+- is a return to the classic, timelessly awesome style that saw the BJM establish themselves as the figurehead for ‘real’, guitar driven, psychedelic rock music way back in 1990. Anton and co have largely eschewed the changing trends and passing fashions of the hits list ever since and the release of their latest full album, Revelations, earlier this year stands as a testimony to their enduring popularity with an admittedly niche but definitely devoted audience.
The +- EP has since been released off the back of a highly successful European tour, which cemented Anton’s undisputed position as the ‘Granddaddy of Psych’, and exhibits both the trademark tones and wide-reaching diversity of the BJM at their best. A key influence for the likes of the Black Rebel Motorcycle Club, the Horrors, Tame Impala, the Black Angels and many more, a simple call to action for on-the-fence readers is that all-too-clichéd come-on: “You’ve tried the rest, why not sample the best?”*
*Ed: OK, so we may have overplayed our hand a bit there because there’s no real ‘best’ out of those bands. But the BJM, and this EP in particular, are pretty damn good.
“I’ve always known what I’ve liked and I’ve always gone in the opposite direction of everyone else. I get bored easily of seeing the same thing over and over.” – Corrine Day
Few women have changed the face of fashion like the late, great Corrine Day. Beginning her 20 year career as a self-taught photographer in the eighties, Day grew to become one of fashion’s most celebrated, prominent and well-loved characters – not only for her groundbreaking work with publications such as Vogue, i-D and The Face, but for her gritty, personal documentary photographs which captured a frank and disarming snapshot of nineties post-rave London from the clubs and council estates where they transpired. Four years on from her untimely death in 2010, the anti-glamour photographer’s unquestionable nous for capturing glimpses of happiness, sadness and incredible beauty in everyday, kitchen sink situations remain as seminal now as the day they were taken.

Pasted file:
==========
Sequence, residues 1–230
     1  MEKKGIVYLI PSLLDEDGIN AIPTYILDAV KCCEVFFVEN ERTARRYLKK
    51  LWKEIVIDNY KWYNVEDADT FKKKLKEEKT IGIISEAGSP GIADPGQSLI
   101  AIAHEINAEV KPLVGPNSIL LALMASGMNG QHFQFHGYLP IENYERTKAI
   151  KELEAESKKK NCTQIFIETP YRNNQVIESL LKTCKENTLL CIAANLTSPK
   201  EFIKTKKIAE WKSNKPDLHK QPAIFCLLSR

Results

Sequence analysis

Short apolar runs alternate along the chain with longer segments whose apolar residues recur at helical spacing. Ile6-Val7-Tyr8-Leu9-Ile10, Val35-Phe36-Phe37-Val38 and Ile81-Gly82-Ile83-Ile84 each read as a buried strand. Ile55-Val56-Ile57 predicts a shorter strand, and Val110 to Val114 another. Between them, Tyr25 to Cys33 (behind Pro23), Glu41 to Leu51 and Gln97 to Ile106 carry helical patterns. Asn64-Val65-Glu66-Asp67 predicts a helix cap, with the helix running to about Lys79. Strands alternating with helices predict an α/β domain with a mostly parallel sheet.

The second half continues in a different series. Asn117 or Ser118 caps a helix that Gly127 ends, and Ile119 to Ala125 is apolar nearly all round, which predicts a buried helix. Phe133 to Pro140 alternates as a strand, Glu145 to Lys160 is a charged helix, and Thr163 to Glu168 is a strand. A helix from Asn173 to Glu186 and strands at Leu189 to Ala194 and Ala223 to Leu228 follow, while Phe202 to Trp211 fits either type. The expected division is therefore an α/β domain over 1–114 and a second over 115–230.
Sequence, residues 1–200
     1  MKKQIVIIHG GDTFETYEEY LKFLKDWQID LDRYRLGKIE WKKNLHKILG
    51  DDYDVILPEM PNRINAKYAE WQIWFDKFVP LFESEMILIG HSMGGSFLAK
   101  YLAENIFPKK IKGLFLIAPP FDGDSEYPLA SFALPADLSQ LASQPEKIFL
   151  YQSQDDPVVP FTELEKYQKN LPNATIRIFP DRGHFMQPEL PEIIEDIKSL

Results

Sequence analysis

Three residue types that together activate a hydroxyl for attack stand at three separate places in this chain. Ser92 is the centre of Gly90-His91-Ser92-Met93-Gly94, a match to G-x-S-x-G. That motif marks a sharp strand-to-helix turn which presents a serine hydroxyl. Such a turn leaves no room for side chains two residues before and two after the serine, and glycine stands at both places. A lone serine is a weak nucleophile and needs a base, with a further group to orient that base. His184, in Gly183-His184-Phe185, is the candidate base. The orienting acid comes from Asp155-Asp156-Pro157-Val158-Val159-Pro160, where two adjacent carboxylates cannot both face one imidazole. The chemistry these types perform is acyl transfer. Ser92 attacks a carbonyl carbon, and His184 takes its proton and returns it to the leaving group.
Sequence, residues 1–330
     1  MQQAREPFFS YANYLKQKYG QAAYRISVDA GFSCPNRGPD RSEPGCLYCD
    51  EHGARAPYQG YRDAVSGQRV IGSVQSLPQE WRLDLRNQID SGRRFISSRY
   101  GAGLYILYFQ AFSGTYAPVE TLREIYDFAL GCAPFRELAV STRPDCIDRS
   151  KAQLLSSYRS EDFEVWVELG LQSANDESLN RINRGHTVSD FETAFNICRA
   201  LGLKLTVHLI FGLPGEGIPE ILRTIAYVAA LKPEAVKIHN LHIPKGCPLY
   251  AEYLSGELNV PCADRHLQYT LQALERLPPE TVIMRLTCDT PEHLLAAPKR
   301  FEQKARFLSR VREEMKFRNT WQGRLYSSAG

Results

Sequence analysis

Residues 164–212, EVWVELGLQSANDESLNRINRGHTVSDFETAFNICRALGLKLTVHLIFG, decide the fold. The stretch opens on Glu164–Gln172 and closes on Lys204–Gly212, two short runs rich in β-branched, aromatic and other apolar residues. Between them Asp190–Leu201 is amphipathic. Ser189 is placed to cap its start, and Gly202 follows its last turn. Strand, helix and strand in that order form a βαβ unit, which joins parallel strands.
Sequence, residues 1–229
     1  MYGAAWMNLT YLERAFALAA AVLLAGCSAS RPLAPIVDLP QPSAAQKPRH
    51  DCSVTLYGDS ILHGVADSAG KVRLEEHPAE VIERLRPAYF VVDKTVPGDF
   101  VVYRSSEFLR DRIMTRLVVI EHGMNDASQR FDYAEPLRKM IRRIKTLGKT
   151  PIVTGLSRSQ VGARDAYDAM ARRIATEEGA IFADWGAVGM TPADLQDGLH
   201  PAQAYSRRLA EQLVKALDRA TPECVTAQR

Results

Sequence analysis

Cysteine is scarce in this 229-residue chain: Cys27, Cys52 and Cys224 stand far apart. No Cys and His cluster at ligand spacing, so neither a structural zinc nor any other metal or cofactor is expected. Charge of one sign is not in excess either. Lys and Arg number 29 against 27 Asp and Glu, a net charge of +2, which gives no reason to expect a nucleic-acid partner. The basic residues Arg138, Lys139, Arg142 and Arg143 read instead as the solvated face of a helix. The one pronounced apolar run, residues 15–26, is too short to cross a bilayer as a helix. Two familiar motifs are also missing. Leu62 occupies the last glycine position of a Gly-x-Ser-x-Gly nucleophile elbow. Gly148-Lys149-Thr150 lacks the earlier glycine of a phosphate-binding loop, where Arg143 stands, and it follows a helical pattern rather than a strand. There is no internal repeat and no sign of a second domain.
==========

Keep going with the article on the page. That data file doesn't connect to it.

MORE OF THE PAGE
A one-time international model, Day begun to toy with cameras in the mid-eighties whilst bored on set in the company of Mark Szaszy – the former male model who would later become her husband and treasured life partner. With no formal training, she began shooting her surroundings with a natural instinct that would follow her throughout her career. In 1989, Day had an interview with Phil Bicker, art director of The Face. Through Bicker, Day met stylists Anna Cockburn and Melanie Ward, with whom she was to create some of her most iconic images. Photographing an unknown 14-year-old Kate Moss, plucked from the fringes of Croydon, the unlikely cockney duo shot the notorious ‘Third Summer Of Love’ editorial (had the second really ended?) for The Face whilst having a lark together in Cambersands. The eight-page shoot saw a rambunctious Moss frolicking on the beach clad in Romeo Gigli, Joseph Tricot, battered Birkenstocks and the most magnificent (albeit impractical) feather head-dress from the now defunct Covent Garden boutique World.